In light of the coronavirus pandemic, companies that are still hiring are largely conducting job interviews remotely via phone or video. While many of the typical best practices for job interviews still stand, there are even more variables to take into consideration with these interview formats.
Most importantly, make sure you know when your video is live. Beyond that, you should always keep your conduct appropriate and professional when doing any sort of work call. To find out some more nuanced tips, GOBankingRates spoke to career experts, human resource pros, recruiters and other executives to get their best advice for succeeding at a remote job interview. Follow these tips to make it to the next interview round.
You might be able to get away with dressing professionally only from the waist up for a video interview, but it’s better to be safe than sorry. After all, you don’t want to end up like New Yorker reporter Jeffrey Toobin, who was recently suspended from his job after exposing himself during a Zoom video chat. Toobin told Motherboard that he believed he had muted himself and did not think he was visible on the call.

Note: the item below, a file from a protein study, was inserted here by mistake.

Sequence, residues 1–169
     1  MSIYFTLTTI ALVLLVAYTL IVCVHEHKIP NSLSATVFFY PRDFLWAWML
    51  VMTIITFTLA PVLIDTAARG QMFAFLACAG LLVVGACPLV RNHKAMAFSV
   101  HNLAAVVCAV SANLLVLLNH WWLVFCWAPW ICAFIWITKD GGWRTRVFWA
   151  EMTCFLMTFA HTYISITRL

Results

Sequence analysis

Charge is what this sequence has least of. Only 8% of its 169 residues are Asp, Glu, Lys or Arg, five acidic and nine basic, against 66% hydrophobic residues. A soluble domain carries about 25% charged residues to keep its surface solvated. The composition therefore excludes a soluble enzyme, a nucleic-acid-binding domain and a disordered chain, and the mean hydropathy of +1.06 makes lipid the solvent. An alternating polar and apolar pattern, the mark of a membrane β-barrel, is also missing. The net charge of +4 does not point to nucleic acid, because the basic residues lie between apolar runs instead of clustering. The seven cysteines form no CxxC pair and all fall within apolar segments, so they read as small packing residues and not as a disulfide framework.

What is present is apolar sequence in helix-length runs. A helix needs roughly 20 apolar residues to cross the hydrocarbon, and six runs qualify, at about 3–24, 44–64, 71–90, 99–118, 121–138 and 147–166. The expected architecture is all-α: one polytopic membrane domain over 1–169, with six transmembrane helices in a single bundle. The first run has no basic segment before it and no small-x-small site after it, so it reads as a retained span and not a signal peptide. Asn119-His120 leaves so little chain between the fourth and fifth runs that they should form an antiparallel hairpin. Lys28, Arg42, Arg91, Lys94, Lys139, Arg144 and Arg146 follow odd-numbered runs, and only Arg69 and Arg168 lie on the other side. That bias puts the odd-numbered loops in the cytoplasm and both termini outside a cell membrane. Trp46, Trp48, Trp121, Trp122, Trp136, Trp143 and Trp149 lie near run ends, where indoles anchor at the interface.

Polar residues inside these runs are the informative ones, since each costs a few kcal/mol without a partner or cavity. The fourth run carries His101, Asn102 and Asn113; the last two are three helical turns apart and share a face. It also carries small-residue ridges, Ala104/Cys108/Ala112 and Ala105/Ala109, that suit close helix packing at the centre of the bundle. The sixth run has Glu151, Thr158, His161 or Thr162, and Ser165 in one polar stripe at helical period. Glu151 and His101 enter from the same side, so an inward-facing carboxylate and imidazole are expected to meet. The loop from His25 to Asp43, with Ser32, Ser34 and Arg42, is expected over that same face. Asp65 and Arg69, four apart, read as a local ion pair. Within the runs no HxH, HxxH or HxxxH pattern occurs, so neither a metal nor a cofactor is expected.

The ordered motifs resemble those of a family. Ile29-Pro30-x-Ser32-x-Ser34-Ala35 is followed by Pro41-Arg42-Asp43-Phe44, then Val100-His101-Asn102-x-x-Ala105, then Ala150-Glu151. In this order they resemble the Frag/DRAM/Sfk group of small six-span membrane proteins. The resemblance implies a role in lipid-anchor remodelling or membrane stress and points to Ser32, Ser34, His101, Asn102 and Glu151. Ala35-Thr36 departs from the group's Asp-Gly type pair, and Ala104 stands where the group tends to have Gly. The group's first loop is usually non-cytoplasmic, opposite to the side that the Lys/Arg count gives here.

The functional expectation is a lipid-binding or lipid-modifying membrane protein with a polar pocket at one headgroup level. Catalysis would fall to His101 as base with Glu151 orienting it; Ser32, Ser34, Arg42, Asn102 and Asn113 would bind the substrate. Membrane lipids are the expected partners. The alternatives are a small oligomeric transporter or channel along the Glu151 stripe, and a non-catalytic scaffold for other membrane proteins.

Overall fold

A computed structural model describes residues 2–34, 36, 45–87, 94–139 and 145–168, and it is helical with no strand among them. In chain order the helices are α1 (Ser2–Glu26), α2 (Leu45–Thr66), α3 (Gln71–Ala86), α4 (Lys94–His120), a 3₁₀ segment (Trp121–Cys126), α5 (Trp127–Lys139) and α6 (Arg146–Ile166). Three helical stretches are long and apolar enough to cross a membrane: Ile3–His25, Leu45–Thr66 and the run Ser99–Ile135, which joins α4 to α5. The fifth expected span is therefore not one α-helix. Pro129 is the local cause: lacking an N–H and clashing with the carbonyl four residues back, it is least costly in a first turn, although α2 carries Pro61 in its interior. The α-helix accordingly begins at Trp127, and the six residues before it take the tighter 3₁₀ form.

“You never know if you may need to stand up on camera for any reason,” said Daniel E. Santos, CEO of a career coaching company, Prepory. “The hiring manager may even ask you to stand up. Wearing the right clothes also puts job seekers in the right frame of mind.”
You don’t want a repeat of Toobin’s Zoom disaster.
Do Your Research
The first step in nailing any job interview — remote or otherwise — is to take the time to do your research.
“Getting every piece of information you can about the organization and the role will make you feel more confident when you are preparing for your interview,” said Ineke McMahon, an executive recruiter and director of P2P Learning and Development Academy. “Make sure you are familiar with the company’s visions, its goals, its values and its financial report.”
Having all this background information will help you in a number of ways, she said.
“Firstly, it will give you some context about the words that the company uses,” McMahon continued. “When you are reading through the job description and annual report, go through it with a highlighter and highlight the different words and the language style that they are using. You are getting a preview into the way that they write, their culture, how they name things and the terminology that they use. When you are in the interview, be reflective of that style. You will feel like the person that they are looking for when you start talking in their language, using their buzzwords and terminology. It shows that you are like-minded.”
Prepare How You Will Talk About Your Past Experience